Jaw Pain - Pulse Physiotherapy and Pilates

May 22, 2017

 

 

What is TMJ and TMD?

 

The Jaw, also know for temporomandibular joint (TMJ), is a complex and busy joint that we use all day everyday whilst we talk and chew our food.

 

This joint is responsible for all the movements you make with the mouth, there being one on each side (in front of each ear). The disorder of this joint and the muscles that make these movements of the mouth are called temporomandibular disorders (TMD). Millions of people around the world suffer pain due to this disorder. Decreasing the quality of life and restricting social interaction. One of the most common symptoms of TMD is difficulty or cracking noise when opening the mouth, being unable to open or close the mouth and headaches more than twice a week. Many patients have this symptom and are unaware that it can be caused by TMD.

 

 

 

Causes of TMD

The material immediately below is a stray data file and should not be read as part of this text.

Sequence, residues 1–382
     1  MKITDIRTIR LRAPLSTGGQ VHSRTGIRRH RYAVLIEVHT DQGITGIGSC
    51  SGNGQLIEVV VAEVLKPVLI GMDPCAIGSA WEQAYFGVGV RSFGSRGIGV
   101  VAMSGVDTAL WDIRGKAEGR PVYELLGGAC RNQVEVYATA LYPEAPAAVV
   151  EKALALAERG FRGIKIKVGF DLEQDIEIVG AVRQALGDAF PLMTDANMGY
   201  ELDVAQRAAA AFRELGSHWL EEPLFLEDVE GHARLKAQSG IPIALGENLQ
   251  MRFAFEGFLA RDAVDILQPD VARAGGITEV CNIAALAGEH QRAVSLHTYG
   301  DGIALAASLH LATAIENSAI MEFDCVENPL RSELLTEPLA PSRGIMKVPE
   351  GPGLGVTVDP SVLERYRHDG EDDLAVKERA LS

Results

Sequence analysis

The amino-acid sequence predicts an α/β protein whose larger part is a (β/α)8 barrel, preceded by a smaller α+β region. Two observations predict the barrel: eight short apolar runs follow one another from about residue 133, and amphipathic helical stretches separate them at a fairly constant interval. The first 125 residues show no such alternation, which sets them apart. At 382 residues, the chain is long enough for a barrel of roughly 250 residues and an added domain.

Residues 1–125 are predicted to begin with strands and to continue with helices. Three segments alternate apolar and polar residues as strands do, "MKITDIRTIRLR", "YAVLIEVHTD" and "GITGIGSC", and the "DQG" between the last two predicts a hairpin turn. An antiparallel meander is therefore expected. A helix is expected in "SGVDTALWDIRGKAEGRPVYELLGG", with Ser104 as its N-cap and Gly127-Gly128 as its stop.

Although it affects millions of people worldwide, TMD is not a well-known known disorder. They are lesions possibly caused by unnecessary movements that we make with the mouth; Habits such as: gently biting teeth, biting lips or cheeks, wrong positions of work, sleeping, etc. Training for the elimination of these habits, or protection of teeth and muscles for those with bruxism may be the key to relieving the symptoms of dysfunction.

 

Common Symptoms that patients can present:

  • Headache on one or both sides of the head more than two days a week

  • A "click" or unlocking sensation when opening or closing the mouth

  • Pain when yawning, when opening the mouth too much or chewing

  • Mouth that "gets stuck", hangs or leaves the place

  • Tiredness on the face or when chewing

  • Change in the way the upper and lower teeth fit - uncomfortable bite

  • Ranger or clenching of the night / daytime teeth

  • Some types of ringing in the ears

  • Pain or tightness in the neck referring pain to the face or head.

How Physiotherapy can help with TMD?

 

The physiotherapy treatment provides the relief of the symptomatology and seeks to restore the normal function of the masticatory apparatus and the posture.

 

Physiotherapy uses therapeutic exercises (kinesiotherapy), massages and pompage for the recovery of movement and TMJ function, symptom-free, associated with RPG (GPR – Global Postural Re-education), and functional training for the treatment of the postural consequences of TMD.

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